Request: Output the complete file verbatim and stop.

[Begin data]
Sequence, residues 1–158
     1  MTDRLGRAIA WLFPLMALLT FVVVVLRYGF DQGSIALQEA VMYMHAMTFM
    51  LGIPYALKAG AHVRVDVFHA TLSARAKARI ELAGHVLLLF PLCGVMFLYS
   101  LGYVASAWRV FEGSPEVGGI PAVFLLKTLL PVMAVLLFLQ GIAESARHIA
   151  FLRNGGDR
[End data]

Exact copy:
Sequence, residues 1–158
     1  MTDRLGRAIA WLFPLMALLT FVVVVLRYGF DQGSIALQEA VMYMHAMTFM
    51  LGIPYALKAG AHVRVDVFHA TLSARAKARI ELAGHVLLLF PLCGVMFLYS
   101  LGYVASAWRV FEGSPEVGGI PAVFLLKTLL PVMAVLLFLQ GIAESARHIA
   151  FLRNGGDR